In the last few weeks we’ve looked at some of the drawbacks related to what we might call “traditional” category management (Part 1, Part 2, Part 3). However, we should stress that they’re all aspects of the process that can be overcome by appropriate thought and management effort. The lack of stakeholder involvement we’ve sometimes seen – the overly procurement centric approach – can be addressed by ensuring that the right engagement takes place. The risk of over-standardisation an approach can be mitigated by being aware of that issue and ensuring it doesn’t happen.
But today’s discussion will consider an alternative approach that perhaps challenges more fundamentally the conventional steps in the category management process.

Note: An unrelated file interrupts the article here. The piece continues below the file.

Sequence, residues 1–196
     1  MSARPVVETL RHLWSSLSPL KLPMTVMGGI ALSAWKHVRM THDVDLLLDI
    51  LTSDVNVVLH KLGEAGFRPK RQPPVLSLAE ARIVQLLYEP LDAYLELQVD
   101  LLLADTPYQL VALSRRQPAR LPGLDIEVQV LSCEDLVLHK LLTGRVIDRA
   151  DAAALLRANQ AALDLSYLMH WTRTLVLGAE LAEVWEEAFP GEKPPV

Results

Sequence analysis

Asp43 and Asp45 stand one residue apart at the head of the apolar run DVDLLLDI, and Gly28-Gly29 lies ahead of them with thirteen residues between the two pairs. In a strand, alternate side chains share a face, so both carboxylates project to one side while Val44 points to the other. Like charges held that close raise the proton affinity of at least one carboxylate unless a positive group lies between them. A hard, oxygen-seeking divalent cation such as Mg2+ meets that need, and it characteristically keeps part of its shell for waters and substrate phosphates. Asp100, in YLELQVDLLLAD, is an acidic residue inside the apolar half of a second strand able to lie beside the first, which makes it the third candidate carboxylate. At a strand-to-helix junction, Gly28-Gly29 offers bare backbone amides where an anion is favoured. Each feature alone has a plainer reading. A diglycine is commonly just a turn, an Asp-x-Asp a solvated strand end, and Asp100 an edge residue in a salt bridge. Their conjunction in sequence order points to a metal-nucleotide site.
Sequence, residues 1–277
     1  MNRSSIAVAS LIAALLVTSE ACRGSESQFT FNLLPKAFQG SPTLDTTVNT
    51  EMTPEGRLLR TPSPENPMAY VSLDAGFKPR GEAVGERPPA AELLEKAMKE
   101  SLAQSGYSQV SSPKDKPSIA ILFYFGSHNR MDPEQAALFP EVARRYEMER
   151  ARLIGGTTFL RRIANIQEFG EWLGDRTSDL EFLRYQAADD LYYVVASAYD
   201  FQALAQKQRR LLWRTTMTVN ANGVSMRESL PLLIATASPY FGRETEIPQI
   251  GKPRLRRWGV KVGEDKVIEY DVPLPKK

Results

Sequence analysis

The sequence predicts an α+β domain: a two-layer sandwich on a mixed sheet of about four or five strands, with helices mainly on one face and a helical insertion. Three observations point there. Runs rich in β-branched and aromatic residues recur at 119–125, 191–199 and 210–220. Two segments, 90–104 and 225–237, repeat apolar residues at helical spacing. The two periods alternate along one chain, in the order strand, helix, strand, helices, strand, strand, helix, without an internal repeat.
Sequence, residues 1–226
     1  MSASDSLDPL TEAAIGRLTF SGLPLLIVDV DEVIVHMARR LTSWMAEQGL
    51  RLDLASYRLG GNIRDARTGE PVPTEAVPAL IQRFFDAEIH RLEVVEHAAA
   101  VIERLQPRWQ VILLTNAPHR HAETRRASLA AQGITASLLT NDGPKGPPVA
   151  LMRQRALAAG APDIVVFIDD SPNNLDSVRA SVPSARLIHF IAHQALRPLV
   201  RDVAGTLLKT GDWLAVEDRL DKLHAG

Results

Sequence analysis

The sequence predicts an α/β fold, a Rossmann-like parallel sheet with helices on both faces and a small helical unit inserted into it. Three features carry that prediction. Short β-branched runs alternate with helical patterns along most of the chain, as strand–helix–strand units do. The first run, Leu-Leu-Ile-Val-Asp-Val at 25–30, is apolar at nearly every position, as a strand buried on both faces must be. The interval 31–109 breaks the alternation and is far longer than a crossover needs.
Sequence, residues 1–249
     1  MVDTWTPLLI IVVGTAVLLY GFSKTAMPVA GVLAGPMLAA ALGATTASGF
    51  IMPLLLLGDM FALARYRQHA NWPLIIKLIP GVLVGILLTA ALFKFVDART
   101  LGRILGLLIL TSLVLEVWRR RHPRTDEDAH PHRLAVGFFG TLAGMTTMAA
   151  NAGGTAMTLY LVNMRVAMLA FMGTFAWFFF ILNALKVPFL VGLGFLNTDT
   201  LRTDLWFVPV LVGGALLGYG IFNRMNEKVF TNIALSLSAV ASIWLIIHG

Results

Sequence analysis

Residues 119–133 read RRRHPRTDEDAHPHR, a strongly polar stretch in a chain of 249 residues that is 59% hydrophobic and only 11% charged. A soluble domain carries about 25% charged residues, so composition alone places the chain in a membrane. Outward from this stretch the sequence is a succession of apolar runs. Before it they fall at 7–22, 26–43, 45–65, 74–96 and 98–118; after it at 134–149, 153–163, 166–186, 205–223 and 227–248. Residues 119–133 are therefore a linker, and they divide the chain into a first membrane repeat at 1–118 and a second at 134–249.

Market Informed Sourcing, (or MIS), as I’ve called it (or optimisation, expressive bidding, collaborative sourcing as various software providers term it) is a different approach to sourcing compared to traditional sourcing or category management. (We’ve written about it in a couple of research papers, so if you’re interested, there is a lot more here and here).
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